Are there limits to the recycling of paper?

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A fibre can be recycled several times, yet not indefinitely, depending on the paper grade. Therefore, there is a continuous need to feed the inflow of recovered fibre with paper products made of virgin pulp. Paper recycling needs to continuously incorporate a certain amount of fresh fibres for three main reasons:

  • Strength:
    • Cellulose fibre deteriorates each time it is recycled.
    • Depending upon the type of paper being made, it can be reused several times.
  • Quality:
    • While most, if not all, paper and board types could be made of 100% paper for recycling, some products need top quality paper for recycling, (like cuttings and shavings from printers), which is not widely available.
    • Some paper and board type production makes little or no use of paper for recycling. This can be partly due to the quality requirements of the end-product, such as high-grade artwork, or the technical characteristics needed for many special purpose types, such as security paper, which prevents fraudulent use of documents.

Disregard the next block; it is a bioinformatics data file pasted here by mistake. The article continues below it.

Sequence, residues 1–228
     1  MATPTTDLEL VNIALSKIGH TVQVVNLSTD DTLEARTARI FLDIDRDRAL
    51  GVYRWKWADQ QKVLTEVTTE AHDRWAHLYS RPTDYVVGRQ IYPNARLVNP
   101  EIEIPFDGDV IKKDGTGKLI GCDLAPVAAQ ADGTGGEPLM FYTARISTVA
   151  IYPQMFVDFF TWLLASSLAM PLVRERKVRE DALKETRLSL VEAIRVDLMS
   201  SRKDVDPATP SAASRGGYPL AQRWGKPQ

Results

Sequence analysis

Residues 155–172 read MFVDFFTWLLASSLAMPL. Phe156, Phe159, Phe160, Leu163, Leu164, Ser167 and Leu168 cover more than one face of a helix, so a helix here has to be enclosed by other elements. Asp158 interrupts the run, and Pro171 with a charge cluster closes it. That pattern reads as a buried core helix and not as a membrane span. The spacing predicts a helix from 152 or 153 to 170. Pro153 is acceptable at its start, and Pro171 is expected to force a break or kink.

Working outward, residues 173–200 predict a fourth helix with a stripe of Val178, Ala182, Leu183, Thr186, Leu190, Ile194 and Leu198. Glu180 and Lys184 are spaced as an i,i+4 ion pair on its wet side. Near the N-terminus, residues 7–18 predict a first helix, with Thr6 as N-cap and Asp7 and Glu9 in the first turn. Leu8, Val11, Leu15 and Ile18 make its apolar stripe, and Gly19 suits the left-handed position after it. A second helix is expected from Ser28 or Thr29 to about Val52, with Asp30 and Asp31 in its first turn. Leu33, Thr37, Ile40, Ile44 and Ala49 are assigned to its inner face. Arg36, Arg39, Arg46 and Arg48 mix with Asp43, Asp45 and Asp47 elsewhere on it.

• Availability:
    • Around 19% of the paper we use is not possible to collect or recycle.
    • Some paper products are not sent for recycling – for example, books, documents and photographs kept at home or in archives and libraries.
    • In other cases, paper products deteriorated or are destroyed when used – such as sanitary paper or cigarette paper.

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